Killed for no reason

31 03 2010

 

Whaling is the hunting of whales for their meat and oil. This began in prehistoric times and was confined to coastal waters. The early whaling affected the developing of widely disparate cultures for example Japan. Although prehistoric hunting and gathering is generally considered to have had little ecological impact, early whaling in the  Arctic may have altered freshwater ecology.

Whaling began in the Arctic and then spread to all of the oceans across the world. By the end of the 18th century there were 200 British whalers. By 1842 there were a total of 594 American whalers.

Today whale oil isn’t commonly used,  though the meat is used for food. The most common of the whale species hunted today are the Common Minke Whale, Antarctic Minke Whale and Baleen Whales.

Many people believe that whales have been protected by the 1986 world wide ban on whaling. This is not true. Killing, captures, bombings and pollution continue to threaten these peaceful creatures.  The idea that troubles many people around the world is why these harmless, gentle giants are killed. Not only does killing whales reduce their number, especially the critical species, it also greatly affects the environment. Whale slaughter affects the food chain. For example, normally whales feed on seals, but when the number of seals decreased by 80%, the whales started to feed on sea lions. When the sea lions decreased, the whales moved onto sea otters which in turn eat sea urchins. The population of sea urchins has now increased significantly as there are not enough sea otters to eat them. The increase in sea urchins has resulted in destruction of kelp forests.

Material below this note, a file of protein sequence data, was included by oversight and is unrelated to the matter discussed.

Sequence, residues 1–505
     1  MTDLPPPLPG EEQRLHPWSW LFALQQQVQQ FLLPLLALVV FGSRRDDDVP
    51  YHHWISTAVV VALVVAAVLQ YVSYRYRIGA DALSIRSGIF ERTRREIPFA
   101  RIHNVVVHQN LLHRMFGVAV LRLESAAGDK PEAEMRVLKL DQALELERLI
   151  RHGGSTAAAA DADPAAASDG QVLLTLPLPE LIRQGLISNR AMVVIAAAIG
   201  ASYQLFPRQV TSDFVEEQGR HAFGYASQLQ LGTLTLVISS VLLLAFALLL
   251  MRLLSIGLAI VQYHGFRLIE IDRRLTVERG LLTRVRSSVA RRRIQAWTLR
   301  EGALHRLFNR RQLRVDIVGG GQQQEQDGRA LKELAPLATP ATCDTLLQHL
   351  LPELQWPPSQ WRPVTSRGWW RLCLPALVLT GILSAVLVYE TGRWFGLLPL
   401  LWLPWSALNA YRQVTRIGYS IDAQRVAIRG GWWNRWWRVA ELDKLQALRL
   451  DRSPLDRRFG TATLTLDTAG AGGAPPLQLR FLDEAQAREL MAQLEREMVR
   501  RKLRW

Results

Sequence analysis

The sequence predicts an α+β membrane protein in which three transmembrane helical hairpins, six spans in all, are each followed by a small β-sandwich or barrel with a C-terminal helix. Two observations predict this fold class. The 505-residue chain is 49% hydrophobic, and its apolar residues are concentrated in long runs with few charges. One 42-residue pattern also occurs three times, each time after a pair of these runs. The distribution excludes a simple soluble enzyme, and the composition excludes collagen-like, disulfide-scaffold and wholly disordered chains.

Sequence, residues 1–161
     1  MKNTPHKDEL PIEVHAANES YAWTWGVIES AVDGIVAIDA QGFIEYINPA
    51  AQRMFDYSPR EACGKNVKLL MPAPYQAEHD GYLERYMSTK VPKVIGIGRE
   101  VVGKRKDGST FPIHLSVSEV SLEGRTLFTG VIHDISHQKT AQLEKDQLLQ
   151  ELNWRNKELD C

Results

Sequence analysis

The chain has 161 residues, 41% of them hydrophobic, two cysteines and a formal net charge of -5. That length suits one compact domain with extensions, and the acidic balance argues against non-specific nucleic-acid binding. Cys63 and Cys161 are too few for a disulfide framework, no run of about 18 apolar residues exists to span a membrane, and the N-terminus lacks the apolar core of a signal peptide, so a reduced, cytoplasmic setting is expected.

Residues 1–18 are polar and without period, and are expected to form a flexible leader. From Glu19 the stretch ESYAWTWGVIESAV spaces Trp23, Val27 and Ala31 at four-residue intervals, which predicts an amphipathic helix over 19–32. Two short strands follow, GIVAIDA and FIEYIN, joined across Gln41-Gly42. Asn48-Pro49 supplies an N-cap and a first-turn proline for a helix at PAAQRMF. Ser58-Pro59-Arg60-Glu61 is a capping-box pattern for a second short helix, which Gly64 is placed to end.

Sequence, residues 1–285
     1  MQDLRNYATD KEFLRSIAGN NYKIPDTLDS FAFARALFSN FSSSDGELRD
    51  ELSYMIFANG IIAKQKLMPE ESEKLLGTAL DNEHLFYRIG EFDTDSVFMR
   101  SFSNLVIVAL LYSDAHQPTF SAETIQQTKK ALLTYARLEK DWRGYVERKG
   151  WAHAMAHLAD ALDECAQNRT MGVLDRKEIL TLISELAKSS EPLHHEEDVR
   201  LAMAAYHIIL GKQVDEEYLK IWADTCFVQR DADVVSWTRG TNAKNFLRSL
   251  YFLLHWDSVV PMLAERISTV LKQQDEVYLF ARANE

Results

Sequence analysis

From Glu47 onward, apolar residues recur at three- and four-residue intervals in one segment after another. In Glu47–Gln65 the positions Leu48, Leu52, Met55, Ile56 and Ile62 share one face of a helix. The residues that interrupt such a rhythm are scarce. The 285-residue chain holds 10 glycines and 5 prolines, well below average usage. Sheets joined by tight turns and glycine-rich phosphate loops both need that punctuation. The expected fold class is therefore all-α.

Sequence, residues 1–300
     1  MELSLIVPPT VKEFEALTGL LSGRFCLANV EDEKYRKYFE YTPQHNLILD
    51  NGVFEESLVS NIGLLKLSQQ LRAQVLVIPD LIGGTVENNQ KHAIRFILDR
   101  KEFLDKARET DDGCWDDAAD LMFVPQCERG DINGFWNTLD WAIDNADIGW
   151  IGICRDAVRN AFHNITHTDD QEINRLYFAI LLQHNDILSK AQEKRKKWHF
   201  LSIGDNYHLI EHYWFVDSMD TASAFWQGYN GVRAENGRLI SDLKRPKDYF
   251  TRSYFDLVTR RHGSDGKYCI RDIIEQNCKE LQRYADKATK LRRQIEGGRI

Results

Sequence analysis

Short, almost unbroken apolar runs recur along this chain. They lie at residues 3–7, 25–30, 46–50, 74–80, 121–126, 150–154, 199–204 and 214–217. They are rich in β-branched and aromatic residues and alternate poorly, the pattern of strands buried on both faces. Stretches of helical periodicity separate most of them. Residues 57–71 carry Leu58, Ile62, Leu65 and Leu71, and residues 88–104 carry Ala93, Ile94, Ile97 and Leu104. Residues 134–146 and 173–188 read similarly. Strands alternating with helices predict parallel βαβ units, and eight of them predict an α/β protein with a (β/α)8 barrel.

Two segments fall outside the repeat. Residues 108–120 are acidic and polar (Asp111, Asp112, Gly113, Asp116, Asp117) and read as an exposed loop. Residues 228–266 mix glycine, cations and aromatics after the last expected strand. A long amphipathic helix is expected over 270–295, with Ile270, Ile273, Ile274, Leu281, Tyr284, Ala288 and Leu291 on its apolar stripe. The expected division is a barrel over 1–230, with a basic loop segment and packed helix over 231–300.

Whaling deeply affects me because of my love for whales. If in 10 years whales  become extinct I would be really devastated. Whales aren’t part of the ocean for killing; they are there to be admired by everyone and everything. To know that these, quiet, harmless creatures are being killed just for food or oil doesn’t make sense. People need to realize how important these whales really are and without them our eco system will be destroyed.

By Kaylah Bulow

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